JULY 16, 1959
HYDE PARK—I was very glad to read that Gov. Nelson Rockefeller, at the opening session of the golden anniversary convention of the National Association for the Advancement of Colored People, said that "prejudice remains, discrimination exists, but it is on its way out in New York State."
Then he proceeded to announce that he would ask the legislature for the same laws on housing on a statewide basis that now exist in New York City.
It is particularly good that the government has taken a forthright stand. Now I also hope we will have a law to prevent job discrimination. Far too often a Negro is the last to be hired and the first to be fired.
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Sen. Hubert H. Humphrey of Minnesota has formally entered the race for the Democratic nomination for the Presidency, and he is the first to do so.
Like other possible Democratic nominees, Senator Humphrey most probably is going to have a hard time to match the money that will be available to the Republican nominee. Actually, very little money will have to be spent by the Republicans in the preconvention campaign, since they have but two probable candidates, Vice-President Nixon and Governor Rockefeller.
The Republican nomination will certainly be arranged by the party solons after conference with these gentlemen, and there will be no need for entering primaries or spending any money at all. So, their money can be saved for the actual campaign and any Republican nominee will have all he needs.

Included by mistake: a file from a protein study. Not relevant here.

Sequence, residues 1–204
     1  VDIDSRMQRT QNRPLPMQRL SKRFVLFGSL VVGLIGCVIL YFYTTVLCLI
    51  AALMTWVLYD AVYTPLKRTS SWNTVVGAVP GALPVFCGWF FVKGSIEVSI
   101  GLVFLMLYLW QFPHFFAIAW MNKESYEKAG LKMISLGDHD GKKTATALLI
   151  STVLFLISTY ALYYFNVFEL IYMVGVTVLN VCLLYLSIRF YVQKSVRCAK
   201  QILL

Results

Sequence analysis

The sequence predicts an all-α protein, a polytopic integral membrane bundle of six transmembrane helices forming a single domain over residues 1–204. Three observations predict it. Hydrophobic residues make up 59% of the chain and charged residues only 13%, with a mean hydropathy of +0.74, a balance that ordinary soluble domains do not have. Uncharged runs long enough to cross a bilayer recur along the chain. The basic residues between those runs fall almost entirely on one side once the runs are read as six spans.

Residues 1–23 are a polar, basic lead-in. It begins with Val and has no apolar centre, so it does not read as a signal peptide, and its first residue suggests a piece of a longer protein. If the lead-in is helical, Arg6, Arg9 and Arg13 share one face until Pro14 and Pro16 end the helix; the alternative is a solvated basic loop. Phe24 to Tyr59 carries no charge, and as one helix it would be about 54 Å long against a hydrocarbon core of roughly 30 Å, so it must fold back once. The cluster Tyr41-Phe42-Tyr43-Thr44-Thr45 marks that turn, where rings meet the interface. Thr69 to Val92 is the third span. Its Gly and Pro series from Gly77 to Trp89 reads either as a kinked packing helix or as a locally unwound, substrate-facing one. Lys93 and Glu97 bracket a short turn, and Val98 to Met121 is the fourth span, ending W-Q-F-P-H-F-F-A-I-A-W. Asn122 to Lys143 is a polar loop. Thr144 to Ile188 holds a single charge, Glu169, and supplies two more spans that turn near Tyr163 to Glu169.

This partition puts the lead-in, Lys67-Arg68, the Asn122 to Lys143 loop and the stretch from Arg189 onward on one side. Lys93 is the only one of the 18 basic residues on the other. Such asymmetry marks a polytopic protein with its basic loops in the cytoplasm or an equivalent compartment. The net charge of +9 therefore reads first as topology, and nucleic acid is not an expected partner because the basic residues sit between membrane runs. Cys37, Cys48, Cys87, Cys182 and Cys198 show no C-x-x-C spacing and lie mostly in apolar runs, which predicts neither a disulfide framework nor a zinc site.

On the Democratic side, there will undoubtedly be a number of nominees beforehand, so the calls for individual help will be many. Therefore, there will not be as much available after one man is nominated and the campaign begins against the Republican opponent.
I wish we would all give more thought to our method of financing political campaigns. I will concede that almost any change would be more important to the Democrats than to the Republicans, because the Democrats traditionally have less money to spend. But in the long run it would be an advantage to all.
Why not ask radio and television authorities to allot the same amount of time to each party without charge? Each party could then use that time in any way it chooses. Of course, the allocations of time would be comparable, so that the audiences would be as great for both parties.
And I think the taxpayers would ultimately benefit if out of their taxes the government gave each of the opposing parties similar sums to be used for travel and for literature or in any other way the parties decided was important for information and advertising. This would put our whole campaign on a higher basis. There would not be the usual mad scramble for money. A man could run on his merits and not because he could lay his hands on more money.
It would require careful planning and the value of volunteer work in campaigns would be enhanced. People who really cared to work for the candidate of their party could volunteer their services without remuneration, and this would put a contribution of this kind on a much higher plane.
I suppose writing about this hopefully is just a pipe dream, but I wish more people would think about it and try to make it come about.